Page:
The conflict started with an Amazon contract.

Before it, Gerald Groff had been happy with his work as a rural mail carrier and happy to be able to have Sundays off. After it, he still enjoyed the work, but he faced increasing pressure to take shifts on his Sabbath and thereby violate his religious beliefs.

Groff, who identifies as an evangelical Christian, initially solved the problem by transferring to an even more rural post office, one that didn’t yet need to deliver on Sundays. But Amazon’s demands eventually found him there, and he ultimately resigned from his position after a sustained battle with supervisors over his religious accommodation request.

Soon after he left the job, Groff filed a lawsuit against the U.S. Postal Service. He alleged unlawful religious discrimination, arguing that his supervisors could have and should have done more to accommodate his Sabbath-related beliefs.

“It was all working out until the post office decided it wasn’t going to work out anymore,” said Hiram Sasser, who is executive general counsel for First Liberty Institute and part of Groff’s legal team.

On Tuesday, Groff’s case will be in front of the Supreme Court, where it could become the vehicle through which the justices redefine what employers owe to religious workers.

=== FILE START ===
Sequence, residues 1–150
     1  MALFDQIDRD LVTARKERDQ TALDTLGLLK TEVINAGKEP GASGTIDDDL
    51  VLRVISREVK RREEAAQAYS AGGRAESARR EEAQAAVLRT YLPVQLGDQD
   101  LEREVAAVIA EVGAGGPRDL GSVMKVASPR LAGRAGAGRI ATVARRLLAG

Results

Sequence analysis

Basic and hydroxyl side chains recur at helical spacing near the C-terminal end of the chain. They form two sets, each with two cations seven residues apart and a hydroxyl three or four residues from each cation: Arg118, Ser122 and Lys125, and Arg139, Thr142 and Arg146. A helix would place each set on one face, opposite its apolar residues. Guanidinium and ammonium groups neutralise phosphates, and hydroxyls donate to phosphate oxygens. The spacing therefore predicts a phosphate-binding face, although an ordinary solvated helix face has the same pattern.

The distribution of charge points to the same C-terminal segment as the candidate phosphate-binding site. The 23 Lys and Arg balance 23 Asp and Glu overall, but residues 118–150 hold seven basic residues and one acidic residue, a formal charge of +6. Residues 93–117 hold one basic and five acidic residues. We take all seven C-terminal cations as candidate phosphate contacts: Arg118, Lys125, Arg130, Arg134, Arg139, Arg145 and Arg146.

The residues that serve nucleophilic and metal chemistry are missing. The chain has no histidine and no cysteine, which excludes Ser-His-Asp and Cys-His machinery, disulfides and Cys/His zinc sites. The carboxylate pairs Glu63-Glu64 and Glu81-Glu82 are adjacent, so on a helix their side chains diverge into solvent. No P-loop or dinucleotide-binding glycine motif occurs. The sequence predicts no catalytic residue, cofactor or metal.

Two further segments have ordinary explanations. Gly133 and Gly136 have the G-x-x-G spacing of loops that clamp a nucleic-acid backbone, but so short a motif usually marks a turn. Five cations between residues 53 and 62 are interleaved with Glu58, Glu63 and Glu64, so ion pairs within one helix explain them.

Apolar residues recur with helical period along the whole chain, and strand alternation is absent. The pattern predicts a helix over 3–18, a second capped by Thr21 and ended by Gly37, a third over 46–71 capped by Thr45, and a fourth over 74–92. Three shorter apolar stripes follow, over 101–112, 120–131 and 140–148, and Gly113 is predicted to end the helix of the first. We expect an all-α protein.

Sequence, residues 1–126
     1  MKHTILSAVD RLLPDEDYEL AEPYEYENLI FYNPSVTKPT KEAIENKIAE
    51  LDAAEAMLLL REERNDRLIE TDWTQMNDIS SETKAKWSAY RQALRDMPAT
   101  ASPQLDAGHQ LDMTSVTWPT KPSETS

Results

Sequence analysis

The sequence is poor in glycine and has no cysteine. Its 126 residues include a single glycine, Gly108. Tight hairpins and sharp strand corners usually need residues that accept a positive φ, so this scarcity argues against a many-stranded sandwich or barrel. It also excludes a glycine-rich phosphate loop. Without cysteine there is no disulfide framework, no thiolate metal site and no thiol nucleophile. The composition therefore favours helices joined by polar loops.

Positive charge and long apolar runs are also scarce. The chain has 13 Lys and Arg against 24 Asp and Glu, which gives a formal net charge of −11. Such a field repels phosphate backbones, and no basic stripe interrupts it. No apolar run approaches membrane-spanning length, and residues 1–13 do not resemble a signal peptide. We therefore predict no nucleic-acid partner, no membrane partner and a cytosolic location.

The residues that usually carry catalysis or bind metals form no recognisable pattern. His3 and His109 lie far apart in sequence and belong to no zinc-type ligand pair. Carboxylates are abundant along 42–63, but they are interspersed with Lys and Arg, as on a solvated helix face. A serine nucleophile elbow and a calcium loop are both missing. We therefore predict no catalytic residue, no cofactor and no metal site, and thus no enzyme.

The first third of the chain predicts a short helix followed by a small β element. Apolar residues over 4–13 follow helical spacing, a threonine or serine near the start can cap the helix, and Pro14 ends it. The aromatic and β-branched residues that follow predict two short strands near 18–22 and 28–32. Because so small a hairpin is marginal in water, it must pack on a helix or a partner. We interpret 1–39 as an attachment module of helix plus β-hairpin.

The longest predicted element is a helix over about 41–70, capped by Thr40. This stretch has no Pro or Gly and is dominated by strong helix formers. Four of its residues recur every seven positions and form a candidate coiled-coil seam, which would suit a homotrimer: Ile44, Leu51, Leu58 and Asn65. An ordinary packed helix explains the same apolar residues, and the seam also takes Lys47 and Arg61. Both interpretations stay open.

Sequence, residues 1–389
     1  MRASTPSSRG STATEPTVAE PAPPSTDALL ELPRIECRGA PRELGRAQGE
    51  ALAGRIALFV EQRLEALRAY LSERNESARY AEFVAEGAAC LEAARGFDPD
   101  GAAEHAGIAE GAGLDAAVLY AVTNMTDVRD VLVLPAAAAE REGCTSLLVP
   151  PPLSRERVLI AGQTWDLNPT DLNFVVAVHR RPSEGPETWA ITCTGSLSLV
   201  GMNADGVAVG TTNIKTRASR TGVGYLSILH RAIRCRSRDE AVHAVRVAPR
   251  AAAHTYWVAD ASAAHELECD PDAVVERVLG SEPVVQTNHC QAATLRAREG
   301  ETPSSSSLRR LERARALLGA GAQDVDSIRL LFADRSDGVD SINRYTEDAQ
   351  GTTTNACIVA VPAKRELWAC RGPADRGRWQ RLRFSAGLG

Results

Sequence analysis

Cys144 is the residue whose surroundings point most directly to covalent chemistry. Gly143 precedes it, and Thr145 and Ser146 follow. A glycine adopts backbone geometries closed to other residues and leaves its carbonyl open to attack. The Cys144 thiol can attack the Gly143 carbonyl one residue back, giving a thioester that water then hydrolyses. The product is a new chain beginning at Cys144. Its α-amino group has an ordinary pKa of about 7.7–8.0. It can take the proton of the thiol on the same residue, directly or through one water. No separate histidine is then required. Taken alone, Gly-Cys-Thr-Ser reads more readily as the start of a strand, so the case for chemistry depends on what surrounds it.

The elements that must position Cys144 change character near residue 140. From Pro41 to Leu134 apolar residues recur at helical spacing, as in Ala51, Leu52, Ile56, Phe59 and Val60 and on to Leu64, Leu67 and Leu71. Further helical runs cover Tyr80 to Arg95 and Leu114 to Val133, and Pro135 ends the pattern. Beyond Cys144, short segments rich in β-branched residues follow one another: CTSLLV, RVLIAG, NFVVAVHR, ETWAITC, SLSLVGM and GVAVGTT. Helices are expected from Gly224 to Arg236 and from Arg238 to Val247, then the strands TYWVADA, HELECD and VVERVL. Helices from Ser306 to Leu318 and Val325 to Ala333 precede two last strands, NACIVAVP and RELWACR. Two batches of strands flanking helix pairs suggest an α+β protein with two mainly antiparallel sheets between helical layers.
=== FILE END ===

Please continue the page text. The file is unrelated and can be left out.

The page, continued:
Groff and his supporters hope the court will restore the balance between workers’ rights and employers’ rights, a balance they feel was lost in a decision handed down nearly 50 years ago.

But others worry a ruling for Groff could go too far and show so much deference to religious workers that other employees will be harmed.

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Interpreting Title VII

The key question in Groff v. DeJoy is how to interpret and apply Title VII of the 1964 Civil Rights Act.

The statute prohibits, among other things, discrimination in the workplace on the basis of religion. Employers violate it when they refuse, for example, to hire a Muslim or Jew due to a bias against Muslims or Jews, as well as when they refuse to grant a variety of faith-based accommodation requests.